Directed by Morten Tyldum
In the summer months, theaters are full of exciting adventure tales with big-name stars and thin plots that nevertheless thrill us every step of the way. We crave the escapism. But around the holiday season, the fare typically becomes fancier. We’re asked to think more, feel more. Award season is nigh. That’s what we get used to, so as critics (and audiences), we can be caught off guard when a summer blockbuster hits us in December. With an abundance of award-season films and a void of mindless escapism, what better time than now to be caught off guard by a movie that’s not asking us to think, but instead just wants to take us along on the ride, as passengers?
Aboard the Avalon, a spaceship on a 120-year trip to a habitable Earth-like planet, over 5,000 passengers and crew are hibernating until a few months before arrival. But a malfunction on the ship causes passengers to wake up nearly a century too early. Jim (Chris Pratt) and Aurora (Jennifer Lawrence) have the luxury ship to themselves, which provides a few fun days until boredom and dread kicks in. But when the ship’s malfunctions turn dangerous, they’ll have no time to contemplate their boredom, and be forced to work together to save the sleeping passengers from certain doom.
Sure, the whole “sinking ship” storyline and romance between humble blue-collar boy and wealthier first-class passenger draw comparisons to the much bolder, much, much better “Titanic.” That’s the movie “Passengers” wanted to be. Comparing it to that would only lead to embarrassment, but on its own, “Passengers” does bring things to the table. Jennifer Lawrence and Chris Pratt are charismatic, lovable leads with a lot of chemistry. Movies with a limited number of characters can often be slow. “Passengers” has those moments, but thanks to its two leads you get through them much quicker. And in a smaller but significant role, Michael Sheen (who talked recently of retiring from movies, which is much sadder news after being reminded of his comedic charm here) shines as an android bartender. Thomas Newman’s sad, beautiful score is the needed accompaniment for the sci-fi adventure. And the Oscar-shortlisted visual effects ensure that whether or not the dialogue is sometimes corny (it is) or the science is somewhere between shaky and downright absurd (it is), what you see on the screen makes it worthwhile.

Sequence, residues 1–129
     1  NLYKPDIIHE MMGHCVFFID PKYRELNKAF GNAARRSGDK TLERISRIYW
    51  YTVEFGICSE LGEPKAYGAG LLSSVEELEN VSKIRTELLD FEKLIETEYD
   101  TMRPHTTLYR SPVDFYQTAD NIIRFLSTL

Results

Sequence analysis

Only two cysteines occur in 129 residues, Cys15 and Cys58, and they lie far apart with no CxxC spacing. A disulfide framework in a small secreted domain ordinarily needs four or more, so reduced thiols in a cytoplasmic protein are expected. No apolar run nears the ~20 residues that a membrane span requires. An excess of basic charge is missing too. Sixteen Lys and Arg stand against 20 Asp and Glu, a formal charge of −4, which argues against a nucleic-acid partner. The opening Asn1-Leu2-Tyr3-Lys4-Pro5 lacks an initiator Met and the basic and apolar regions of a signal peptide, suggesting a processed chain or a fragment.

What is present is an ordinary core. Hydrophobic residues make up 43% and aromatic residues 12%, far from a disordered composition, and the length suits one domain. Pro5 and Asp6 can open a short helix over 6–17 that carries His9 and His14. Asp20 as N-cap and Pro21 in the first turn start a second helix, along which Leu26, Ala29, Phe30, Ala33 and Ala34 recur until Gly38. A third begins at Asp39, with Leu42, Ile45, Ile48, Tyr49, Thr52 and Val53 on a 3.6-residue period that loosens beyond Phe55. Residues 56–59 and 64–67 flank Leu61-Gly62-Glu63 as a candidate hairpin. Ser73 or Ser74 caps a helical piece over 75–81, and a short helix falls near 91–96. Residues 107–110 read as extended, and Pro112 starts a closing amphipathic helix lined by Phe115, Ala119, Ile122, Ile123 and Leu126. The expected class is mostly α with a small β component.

Early on in the year, before the trailer had even been released, “Passengers” courted possible award season consideration. What “Passengers” ended up being, however, is far from that. But as just another crowd-pleasing flick for a good date night, you could do way worse than this fun adventure romance.
One thought on “‘Passengers’ just wants to take you along for the ride”
Nice review, Logan. I think the critics that are blasting it for being offensive seem to be going out of their way to ignore greater context and complexity and the fact that empathy is not the same as endorsement.